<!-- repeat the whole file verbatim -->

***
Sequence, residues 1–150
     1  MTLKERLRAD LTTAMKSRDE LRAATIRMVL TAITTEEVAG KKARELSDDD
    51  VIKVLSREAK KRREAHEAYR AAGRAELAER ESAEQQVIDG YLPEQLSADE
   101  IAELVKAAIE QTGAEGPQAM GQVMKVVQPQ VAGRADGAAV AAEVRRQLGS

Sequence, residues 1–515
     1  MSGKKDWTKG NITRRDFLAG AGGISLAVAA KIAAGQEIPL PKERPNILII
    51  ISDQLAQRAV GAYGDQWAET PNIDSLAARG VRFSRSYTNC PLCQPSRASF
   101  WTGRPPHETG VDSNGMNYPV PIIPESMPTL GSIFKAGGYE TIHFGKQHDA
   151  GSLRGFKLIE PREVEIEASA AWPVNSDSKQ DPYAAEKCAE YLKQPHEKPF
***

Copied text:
Sequence, residues 1–150
     1  MTLKERLRAD LTTAMKSRDE LRAATIRMVL TAITTEEVAG KKARELSDDD
    51  VIKVLSREAK KRREAHEAYR AAGRAELAER ESAEQQVIDG YLPEQLSADE
   101  IAELVKAAIE QTGAEGPQAM GQVMKVVQPQ VAGRADGAAV AAEVRRQLGS

Sequence, residues 1–515
     1  MSGKKDWTKG NITRRDFLAG AGGISLAVAA KIAAGQEIPL PKERPNILII
    51  ISDQLAQRAV GAYGDQWAET PNIDSLAARG VRFSRSYTNC PLCQPSRASF
   101  WTGRPPHETG VDSNGMNYPV PIIPESMPTL GSIFKAGGYE TIHFGKQHDA
   151  GSLRGFKLIE PREVEIEASA AWPVNSDSKQ DPYAAEKCAE YLKQPHEKPF